CareFirst covers more than 3 million patients in Maryland, Washington DC, and Virginia, and is one several payors to recently issue a coverage decision for Vermillion.
The service business, which the company is calling Aspira IVD, generated $155,000 in revenue from two projects undertaken in the second quarter of 2016.
The revenues include the first sales from Vermillion's new IVD services business, Aspira IVD, which conducted two studies during the quarter.
Total revenues were down to $505,000 from $951,000 in the year-ago quarter as OVA1 test sales dropped to 2,265 from 3,783 in the first quarter of 2015.
The study found that in 122 patients with OVA1 results indicating high ovarian cancer risk, 109 had a gynecologic oncologist involved in their surgery.
The company plans to use the funds to build its new Trumbull, Connecticut facility, which will include laboratory and information technology infrastructure.
Vermillion performed 2,529 OVA1 tests in Q4 2015, down from 4,474 in Q4 2014, a drop the company attributed to transitioning testing from Quest Diagnostics.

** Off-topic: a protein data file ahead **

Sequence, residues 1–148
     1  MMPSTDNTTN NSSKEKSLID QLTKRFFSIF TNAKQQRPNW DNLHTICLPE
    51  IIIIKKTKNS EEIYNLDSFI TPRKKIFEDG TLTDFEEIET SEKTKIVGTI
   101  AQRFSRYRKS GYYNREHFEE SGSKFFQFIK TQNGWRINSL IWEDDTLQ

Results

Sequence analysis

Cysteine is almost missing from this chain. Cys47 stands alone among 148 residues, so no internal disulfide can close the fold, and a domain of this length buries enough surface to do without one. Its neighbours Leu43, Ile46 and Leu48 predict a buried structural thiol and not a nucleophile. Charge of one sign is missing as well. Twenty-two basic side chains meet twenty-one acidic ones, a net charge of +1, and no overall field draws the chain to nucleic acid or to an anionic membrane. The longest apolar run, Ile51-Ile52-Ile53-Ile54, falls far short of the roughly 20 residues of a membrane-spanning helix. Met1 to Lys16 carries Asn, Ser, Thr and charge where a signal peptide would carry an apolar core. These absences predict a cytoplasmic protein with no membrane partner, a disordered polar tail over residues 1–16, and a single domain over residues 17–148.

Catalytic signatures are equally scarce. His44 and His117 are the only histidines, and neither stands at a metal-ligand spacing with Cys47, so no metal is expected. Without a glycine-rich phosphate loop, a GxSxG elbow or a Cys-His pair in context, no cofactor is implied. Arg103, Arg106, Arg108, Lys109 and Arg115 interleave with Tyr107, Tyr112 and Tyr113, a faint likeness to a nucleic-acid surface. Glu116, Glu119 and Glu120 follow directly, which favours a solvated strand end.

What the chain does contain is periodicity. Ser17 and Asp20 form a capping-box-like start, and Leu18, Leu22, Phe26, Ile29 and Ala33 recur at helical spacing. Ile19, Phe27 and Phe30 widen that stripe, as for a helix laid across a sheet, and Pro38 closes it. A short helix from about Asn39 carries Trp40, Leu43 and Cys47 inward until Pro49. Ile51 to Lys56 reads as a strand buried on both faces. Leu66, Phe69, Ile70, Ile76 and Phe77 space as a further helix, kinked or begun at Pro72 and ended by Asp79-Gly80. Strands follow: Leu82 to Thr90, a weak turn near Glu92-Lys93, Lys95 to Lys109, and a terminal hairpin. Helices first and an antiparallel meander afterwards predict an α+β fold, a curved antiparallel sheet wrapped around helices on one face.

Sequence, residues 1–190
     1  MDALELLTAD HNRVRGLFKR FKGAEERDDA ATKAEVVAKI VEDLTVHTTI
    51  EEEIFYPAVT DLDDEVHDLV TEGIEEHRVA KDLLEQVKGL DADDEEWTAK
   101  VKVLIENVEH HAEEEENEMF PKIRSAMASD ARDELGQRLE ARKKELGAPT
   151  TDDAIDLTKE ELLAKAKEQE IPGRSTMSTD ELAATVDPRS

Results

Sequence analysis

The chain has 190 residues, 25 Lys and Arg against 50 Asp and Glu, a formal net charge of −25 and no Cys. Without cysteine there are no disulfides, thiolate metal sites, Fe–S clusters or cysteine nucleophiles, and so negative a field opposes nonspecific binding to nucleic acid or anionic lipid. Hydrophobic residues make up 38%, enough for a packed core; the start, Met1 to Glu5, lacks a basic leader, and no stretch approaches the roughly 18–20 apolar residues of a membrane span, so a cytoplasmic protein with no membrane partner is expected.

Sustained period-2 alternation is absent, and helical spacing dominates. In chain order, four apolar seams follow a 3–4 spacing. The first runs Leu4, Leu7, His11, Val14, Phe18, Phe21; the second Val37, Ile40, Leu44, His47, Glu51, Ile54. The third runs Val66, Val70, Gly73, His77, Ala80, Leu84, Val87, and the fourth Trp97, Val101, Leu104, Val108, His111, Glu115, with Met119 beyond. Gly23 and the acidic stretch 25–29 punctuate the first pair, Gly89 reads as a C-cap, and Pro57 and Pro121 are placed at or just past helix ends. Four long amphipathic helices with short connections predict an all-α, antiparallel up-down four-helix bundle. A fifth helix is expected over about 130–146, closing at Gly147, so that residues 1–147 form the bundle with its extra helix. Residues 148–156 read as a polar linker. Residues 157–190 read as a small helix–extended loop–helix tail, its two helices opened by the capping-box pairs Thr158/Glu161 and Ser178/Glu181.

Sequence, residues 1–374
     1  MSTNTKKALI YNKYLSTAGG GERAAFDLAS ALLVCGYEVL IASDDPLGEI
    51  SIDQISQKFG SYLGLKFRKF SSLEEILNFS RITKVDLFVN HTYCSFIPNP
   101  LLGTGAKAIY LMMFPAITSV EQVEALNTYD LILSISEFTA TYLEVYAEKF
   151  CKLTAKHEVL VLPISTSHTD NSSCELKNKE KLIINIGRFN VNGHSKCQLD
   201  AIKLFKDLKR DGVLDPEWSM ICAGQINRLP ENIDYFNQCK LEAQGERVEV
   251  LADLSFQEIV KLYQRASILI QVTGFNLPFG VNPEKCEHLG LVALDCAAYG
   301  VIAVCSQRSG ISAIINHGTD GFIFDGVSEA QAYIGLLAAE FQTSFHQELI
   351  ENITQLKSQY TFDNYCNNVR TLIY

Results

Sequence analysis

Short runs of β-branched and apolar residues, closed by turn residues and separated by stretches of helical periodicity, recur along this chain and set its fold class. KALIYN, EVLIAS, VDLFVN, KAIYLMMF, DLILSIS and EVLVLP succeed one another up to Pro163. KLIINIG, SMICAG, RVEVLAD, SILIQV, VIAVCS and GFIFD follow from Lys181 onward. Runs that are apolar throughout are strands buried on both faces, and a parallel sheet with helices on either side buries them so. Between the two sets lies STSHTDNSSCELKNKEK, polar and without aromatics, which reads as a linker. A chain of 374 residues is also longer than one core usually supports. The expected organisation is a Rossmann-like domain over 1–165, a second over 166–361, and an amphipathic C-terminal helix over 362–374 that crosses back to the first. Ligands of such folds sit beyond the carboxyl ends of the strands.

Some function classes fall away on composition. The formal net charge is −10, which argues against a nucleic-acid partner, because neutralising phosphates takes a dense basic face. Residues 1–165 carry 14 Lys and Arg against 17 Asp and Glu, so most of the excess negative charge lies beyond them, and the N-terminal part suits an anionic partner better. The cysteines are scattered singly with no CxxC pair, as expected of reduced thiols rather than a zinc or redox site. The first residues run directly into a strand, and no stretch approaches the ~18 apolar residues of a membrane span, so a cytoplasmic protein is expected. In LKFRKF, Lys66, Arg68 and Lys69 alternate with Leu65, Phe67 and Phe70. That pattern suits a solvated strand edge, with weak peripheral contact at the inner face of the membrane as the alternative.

The test is a second-generation version of the company's OVA1 proteomic test for assessing the likelihood of malignancy in pelvic masses planned for surgery.
The company aims to enroll 3,000 women in the registry, which it plans to use for research and development of tests to detect and manage pelvic masses.
The method is a potential competitor to proteomic tests like Vermillion's OVA1, but its developer noted that molecular data could further improve performance.
In PNAS this week: miR-515 levels higher in women with preeclampsia, horizontal gene transfer in parasitic plants, and more.
A cancer researcher retracts 19 articles from one journal for image manipulation, according to Retraction Watch.
Precision medicine has to consider context in addition to genetic mutations in cancer treatment, Medscape reports.
Genomics may help the Cavendish banana from succumbing to fungal infections, a trio of researchers writes at the Conversation.